Comparison of auction averages continued to reflect significant negative variances vis-à-vis the corresponding period in 2017. Interestingly, auction averages during this period (fourth quarter) up to the penultimate sale of the year shows fair improvement on third quarter achievements. Details of which are set out in Table 1.
Sri Lanka macroeconomic update
We report below the key indicators of the economy.
As at the time of writing, we have only the results of the first half of the year. The overall annual growth is still around the same levels as were seen in the past couple of years. It is indeed promising to note that the Agriculture Sector has performed extremely well during the year, after two disastrous years. However, unfortunately, the Industrial Sector growth rates have declined significantly compared to 2017 and 2016, and the overall growth could not be accelerated beyond the present level.
Agriculture Sector growth rates in the first two quarters of 2018 have seen a remarkable increase when compared against the previous two years. Paddy production can be identified as the major contributor for overall growth in the Agriculture Sector.
Inflation as measured by the National Consumer Price Index (NCPI) was 0.9% in September 2018 and the 12 month annual average inflation as at end September 2018 was 4%. The rate of inflation in 2018 is lesser than 2017 where it was at 8.6% and the 12 month annual average inflation as at September stood at 6.8%. The NCPI was updated with 2013 kept as the base year and we have now seen a cumulative 24.4% increase in prices. It is to be noted that year 2017 was one of the highest contributors to this increase.
The treasury bills rates have increased in 2018 against 2017. And the average prime lending rates by banks too have increased gradually. However, bank deposit rates have declined over the last year.
The Sri Lankan Rupee (LKR) depreciated against the major tea importing country currencies during the year. However, it appreciated against the Turkish Lira and remained the same for the Iranian Riyal.
Outlook for 2019
Predicting the market outlook for the year 2019 at this juncture amidst much uncertainty seems a hard task. Nonetheless, a logical approach would be to analyse the supply/demand scenarios that exist and project possible market scenarios based on the most recent developments in importer countries. In analysing the supply situation, it would be relevant to segregate CTC and orthodox tea production. Yet another factor that needs due consideration is the growing demand for tea in producer countries, which may leave lesser exportable volumes.
Global production, in all probability, may show growth in 2018 once statistical data has been tabulated, which would essentially be of CTC origin. Orthodox tea production could be considered in short supply considering the decline in Sri Lankan tea production commencing 2016.
Sri Lankan tea production in 2019, consequent to the Government’s decision to lift the ban on the use of glyphosate (weedicide) is likely to give much relief to the producers and in particular, to the large-scale plantations which would be able to carry-out the required agricultural practices to achieve the full potential of the plantations. Further the Government’s decision last month – to allow a more liberal policy on fertiliser – should contribute favourably. Needless to say, subject to extreme weather conditions not being a reality. However, ageing tea bushes and low productivity levels would be a downside.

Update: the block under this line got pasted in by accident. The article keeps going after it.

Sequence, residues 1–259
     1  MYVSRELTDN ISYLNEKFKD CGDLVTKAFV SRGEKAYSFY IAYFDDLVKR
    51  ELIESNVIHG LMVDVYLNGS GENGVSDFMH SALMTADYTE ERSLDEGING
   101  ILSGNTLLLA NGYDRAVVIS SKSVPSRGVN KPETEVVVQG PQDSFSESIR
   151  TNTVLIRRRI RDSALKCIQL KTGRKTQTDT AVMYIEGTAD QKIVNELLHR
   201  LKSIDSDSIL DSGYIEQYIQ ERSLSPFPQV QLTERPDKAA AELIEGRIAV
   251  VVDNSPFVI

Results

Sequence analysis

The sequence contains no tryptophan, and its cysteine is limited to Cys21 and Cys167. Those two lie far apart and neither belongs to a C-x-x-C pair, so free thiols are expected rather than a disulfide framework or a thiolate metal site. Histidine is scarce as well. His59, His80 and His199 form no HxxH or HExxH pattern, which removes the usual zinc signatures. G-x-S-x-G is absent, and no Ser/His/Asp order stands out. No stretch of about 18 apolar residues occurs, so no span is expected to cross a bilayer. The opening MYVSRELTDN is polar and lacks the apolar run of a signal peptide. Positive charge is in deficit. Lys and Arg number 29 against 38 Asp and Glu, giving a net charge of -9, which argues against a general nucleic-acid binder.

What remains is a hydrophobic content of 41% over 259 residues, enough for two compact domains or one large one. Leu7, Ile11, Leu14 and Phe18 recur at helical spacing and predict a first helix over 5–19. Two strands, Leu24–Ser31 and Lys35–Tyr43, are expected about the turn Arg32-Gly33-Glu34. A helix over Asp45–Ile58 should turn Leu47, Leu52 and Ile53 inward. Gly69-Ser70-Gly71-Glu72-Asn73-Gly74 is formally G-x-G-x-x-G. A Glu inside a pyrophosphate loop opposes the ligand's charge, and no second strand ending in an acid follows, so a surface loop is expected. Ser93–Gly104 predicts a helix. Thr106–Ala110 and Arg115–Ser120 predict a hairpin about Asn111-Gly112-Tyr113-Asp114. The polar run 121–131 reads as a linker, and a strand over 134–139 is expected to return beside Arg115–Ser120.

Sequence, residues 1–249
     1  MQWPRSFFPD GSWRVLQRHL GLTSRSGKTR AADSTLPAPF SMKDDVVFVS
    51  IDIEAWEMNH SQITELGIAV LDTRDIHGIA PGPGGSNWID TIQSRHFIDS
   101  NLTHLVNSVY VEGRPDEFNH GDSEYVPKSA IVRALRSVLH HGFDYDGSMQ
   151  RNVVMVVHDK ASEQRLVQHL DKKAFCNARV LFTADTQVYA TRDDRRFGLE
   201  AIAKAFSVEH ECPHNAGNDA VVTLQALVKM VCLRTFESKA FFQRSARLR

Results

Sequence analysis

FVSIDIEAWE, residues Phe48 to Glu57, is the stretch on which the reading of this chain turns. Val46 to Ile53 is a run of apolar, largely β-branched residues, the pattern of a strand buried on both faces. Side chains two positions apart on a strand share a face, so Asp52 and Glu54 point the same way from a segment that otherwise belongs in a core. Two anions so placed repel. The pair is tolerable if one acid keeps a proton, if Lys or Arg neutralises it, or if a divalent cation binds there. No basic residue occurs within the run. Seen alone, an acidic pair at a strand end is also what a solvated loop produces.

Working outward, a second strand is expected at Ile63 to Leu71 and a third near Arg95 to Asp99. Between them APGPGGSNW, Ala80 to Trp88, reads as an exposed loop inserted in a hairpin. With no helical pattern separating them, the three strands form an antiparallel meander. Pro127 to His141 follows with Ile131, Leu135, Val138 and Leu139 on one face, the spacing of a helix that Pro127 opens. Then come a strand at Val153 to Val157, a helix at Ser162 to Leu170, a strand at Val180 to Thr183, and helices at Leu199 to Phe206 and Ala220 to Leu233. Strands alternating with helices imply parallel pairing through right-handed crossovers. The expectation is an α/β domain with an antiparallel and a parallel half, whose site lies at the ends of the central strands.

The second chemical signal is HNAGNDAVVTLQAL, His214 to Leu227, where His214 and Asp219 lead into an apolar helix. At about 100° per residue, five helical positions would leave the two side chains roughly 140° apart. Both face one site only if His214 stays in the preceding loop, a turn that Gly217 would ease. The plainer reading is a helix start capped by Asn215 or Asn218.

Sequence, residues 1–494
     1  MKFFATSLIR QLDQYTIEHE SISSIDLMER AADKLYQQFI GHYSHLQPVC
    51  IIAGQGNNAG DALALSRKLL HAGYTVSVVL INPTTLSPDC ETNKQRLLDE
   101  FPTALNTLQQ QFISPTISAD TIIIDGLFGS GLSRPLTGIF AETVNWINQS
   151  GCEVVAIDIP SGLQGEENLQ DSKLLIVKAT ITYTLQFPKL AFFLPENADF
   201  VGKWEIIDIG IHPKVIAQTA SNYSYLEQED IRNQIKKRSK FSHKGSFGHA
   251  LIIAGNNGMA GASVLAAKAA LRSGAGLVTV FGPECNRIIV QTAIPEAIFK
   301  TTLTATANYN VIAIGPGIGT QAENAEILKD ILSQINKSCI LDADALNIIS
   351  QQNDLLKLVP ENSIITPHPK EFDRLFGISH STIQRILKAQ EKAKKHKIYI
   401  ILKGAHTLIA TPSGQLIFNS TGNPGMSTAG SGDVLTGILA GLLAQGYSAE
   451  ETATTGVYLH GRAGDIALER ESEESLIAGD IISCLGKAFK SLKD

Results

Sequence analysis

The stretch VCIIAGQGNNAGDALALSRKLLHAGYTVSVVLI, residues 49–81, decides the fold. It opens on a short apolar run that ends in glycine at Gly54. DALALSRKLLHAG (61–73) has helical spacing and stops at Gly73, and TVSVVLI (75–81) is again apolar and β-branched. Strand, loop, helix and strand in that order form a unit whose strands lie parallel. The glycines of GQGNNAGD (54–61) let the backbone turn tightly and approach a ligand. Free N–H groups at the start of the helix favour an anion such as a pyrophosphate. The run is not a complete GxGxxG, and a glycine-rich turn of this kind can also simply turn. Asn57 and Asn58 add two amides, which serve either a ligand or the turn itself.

Similarly, India with its aged plantations is unlikely to show any significant improvement in its output. On the other hand, Kenya with its steady growth in production in the past several years is poised to achieve a 500 M/kg in 2018 and is likely to play a significant role when assessing the total global supply situation.
Demand growth in China and India, considering the magnitude of these two markets, is likely to influence prices and consumption is expected to outstrip production. USA too could be singled out as a fast-growing market, particularly for instant tea and iced tea segments, whilst imports from Sri Lanka to the US have shown quite a significant growth in 2018.
Other factors that are likely to impact Sri Lankan tea prices
- As highlighted elsewhere in this report, Colombo Auction prices have shown a significant appreciation in the fourth quarter on the third quarter, particularly in respect of Leafy orthodox teas.
- Further, the first quarter traditionally is a low cropping period with enhanced product quality from most producer countries. This scenario will augur well for Small Leaf liquoring varieties that would be on offer.
- Another important factor that might influence tea prices is the variation in exchange rates. The Sri Lankan Rupee, which was under severe pressure at the commencement of 4th quarter 2018, stabilised somewhat towards mid-December. If this trend is reversed and the previous depreciation pattern that was seen a couple of months ago is a reality, this too would help Colombo Auction prices in rupee terms.
- Improved demand from Iran following the recent indications that tea would not be featured on the list of items attracting US import sanctions.
- Importers of orthodox teas are likely to have lower inventory levels in the backdrop of deficits accumulated since 2015.
These factors would enable us to predict an upward movement in prices, particularly in the first half for most varieties of orthodox teas. The market demand for teas thereafter, would greatly depend on how the global tea industry would progress during the first half. As we have periodically highlighted, market demand for good quality teas would command a premium consistently throughout the year.